Decline in Value - Homeowners


In 1978 California voters passed a constitutional amendment (also known as “Prop 8”) that allows a temporary reduction in assessed value when a property experiences a “decline-in-value.” A decline-in-value occurs when the current market value of your property is less than what the current assessed (taxable) value is under Proposition 13 as of January 1 (Lien Date), the date set by law for determining the coming year’s assessment. Decline in Value information is available online.

Decline-in-value reductions are temporary reductions reviewed annually. If your assessed value has been reduced, the value of your property will be reviewed on January 1 each year until its market value is greater than its Proposition 13 value. At that time the Proposition 13 value will be restored.

Properties adjusted due to a decline in value are exempt from the 2% annual increase limitation imposed by Proposition 13. They are reviewed and adjusted annually, and they will remain equal to or below the Proposition 13 value.

If your property assessment was reduced or changed, you will receive a “Notice of Assessment” from our office. Your property tax bill, which is mailed in October, is based on the assessed value indicated on the notice. If you believe the value indicated is a fair indication of your property’s market value as of January 1, no further action is necessary.


We accept Informal Request for Review forms for the current assessment year from July 2nd through September 15th.

FAQs and more information about Assessment Appeals are available here. Regardless of the results of that the informal review, property owners are entitled to file a formal assessment appeal application through November 30th, with the Clerk of the Board. You can contact the Clerk of the Board at (209) 468-2350 for more information.

Do you question why the assessed value of your property went up more than 2 percent since last year?

The answer can be found in the way property is assessed under Propositions 13 and 8. Generally speaking, the assessed value of your property under Proposition 13 is established when you either buy or build your property. This is called the “base year value.” The base year value increases each year by an inflation factor (California Consumer Price Index-CCPI) or 2%, whichever is less, even if the market value of the property increases at a significantly higher rate. Under Proposition 8, the annual assessment changes (both increases and decreases) according to market indicators until such time as the Proposition 13 value equals market value.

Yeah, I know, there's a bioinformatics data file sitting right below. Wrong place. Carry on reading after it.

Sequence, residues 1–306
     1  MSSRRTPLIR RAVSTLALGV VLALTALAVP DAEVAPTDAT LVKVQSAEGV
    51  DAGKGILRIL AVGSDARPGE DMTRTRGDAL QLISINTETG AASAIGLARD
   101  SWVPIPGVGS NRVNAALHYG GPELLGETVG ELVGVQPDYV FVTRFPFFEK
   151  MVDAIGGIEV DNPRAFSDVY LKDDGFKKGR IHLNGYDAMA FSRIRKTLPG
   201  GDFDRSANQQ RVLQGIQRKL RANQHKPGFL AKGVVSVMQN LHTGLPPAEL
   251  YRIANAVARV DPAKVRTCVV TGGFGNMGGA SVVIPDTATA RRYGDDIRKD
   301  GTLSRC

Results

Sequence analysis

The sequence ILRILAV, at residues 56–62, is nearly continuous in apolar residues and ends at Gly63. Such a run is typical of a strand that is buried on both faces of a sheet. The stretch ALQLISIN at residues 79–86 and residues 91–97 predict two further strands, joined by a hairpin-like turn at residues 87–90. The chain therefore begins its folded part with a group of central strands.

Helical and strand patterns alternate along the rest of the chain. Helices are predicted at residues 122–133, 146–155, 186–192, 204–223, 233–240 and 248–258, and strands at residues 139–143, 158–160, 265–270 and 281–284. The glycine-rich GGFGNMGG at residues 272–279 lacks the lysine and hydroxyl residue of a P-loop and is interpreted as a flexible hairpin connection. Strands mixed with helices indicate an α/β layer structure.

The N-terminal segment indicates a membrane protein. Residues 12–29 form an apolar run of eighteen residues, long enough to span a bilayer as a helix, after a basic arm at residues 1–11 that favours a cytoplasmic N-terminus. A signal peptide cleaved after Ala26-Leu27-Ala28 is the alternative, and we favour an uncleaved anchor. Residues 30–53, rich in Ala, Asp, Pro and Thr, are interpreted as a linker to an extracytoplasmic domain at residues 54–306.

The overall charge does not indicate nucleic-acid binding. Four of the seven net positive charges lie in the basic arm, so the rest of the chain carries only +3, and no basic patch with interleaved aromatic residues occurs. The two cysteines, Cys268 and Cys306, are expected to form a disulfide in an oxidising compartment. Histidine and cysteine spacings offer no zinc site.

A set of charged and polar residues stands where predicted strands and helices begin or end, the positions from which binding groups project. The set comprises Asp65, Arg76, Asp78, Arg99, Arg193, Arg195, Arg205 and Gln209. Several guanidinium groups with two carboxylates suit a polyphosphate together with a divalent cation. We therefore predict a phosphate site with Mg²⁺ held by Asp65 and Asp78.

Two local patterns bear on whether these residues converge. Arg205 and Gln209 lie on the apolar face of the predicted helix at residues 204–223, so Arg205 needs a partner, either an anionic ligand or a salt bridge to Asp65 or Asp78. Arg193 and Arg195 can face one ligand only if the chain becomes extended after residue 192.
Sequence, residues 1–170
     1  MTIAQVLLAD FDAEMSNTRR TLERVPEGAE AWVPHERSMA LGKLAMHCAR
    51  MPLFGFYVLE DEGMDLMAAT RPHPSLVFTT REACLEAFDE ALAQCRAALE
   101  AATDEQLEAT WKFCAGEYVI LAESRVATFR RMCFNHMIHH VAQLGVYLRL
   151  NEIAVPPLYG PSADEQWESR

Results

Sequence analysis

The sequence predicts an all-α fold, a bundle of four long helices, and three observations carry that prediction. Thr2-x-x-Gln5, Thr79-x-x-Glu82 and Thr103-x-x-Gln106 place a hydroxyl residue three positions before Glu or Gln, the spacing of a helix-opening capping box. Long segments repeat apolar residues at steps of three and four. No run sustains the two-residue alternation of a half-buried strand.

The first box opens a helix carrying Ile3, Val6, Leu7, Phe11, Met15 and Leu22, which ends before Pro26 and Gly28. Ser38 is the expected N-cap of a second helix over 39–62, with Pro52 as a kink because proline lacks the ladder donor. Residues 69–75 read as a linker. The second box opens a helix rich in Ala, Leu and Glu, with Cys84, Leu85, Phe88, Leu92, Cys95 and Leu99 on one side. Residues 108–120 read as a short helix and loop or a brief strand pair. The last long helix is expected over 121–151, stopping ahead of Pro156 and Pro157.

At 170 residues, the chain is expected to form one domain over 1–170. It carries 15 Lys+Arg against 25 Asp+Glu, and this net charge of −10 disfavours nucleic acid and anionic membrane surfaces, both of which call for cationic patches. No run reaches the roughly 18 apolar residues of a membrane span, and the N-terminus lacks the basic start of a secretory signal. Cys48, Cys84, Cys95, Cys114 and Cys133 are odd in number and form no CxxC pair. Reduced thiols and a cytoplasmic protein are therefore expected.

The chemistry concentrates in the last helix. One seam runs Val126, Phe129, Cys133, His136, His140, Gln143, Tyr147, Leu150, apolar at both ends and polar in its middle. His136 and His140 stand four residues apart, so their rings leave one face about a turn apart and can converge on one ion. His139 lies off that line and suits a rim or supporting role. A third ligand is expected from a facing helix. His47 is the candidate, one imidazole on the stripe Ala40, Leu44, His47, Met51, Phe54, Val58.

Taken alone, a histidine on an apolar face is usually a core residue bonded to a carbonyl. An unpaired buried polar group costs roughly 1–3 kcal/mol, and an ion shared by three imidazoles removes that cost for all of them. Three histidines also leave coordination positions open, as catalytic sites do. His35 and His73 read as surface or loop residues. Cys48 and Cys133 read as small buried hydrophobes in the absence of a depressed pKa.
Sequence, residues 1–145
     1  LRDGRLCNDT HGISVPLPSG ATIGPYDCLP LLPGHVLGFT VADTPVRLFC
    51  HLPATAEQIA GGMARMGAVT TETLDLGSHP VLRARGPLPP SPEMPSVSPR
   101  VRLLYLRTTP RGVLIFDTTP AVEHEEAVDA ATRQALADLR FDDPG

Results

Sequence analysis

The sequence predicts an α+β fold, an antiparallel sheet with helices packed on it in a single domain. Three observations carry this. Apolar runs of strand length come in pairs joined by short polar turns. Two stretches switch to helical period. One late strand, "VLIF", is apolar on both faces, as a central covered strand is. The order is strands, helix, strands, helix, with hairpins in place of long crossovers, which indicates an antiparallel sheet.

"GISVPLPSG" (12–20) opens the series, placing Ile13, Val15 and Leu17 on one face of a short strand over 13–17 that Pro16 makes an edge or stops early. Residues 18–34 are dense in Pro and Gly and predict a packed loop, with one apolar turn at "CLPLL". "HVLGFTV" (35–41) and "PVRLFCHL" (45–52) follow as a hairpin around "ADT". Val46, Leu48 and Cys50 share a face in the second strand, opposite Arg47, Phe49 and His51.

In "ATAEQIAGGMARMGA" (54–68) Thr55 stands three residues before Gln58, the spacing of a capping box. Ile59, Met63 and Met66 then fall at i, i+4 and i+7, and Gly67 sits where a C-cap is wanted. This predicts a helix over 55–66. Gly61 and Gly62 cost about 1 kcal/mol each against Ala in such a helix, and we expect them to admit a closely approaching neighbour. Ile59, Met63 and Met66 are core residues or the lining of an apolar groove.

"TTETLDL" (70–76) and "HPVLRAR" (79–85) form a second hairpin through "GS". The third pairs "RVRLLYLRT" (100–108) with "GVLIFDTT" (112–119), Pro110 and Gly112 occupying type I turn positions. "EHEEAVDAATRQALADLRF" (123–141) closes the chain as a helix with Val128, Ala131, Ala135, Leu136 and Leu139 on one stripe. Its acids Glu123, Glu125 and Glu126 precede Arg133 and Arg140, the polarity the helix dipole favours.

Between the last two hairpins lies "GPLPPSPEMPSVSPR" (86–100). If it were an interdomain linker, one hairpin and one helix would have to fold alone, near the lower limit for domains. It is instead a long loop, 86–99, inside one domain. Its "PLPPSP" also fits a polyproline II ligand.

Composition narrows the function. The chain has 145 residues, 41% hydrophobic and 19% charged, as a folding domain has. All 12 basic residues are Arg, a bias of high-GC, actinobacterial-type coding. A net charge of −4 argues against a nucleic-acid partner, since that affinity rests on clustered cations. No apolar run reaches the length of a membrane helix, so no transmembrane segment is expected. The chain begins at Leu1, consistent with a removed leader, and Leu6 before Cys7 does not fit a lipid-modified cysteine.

See the chart below to help understand this example:

Prop 13 v Prop 8 Value Chart (12/24/21)

  • Year One: If you purchased your home in Year 1 for $475,000, the base year value is $475,000 (Prop 13).
  • Year Two: By Year 2, the actual market value of your property had increased to $500,000; the assessed value (limited by 2% annual increases) had only increased to $494,190. So your property tax was based on $494,190 (Prop 13).
  • Year Three: In Year 3, the market value of the property falls below the factored base year value, so the property is assessed at market value (Prop 8). The property is reviewed annually as mandated for the January 1 Lien Date. As long as the market value is lower than the Prop 13 assessed value, the market value will be enrolled. When property values recover in the future and the market value is once again above the factored base year value, the assessed value will be the factored base year value (Prop 13).

In the example below, the market has rebounded to $488,000 in Year 10; the factored base year value is $562,215 (Prop 13). The assessed value would be the lower of the two, which is the market value.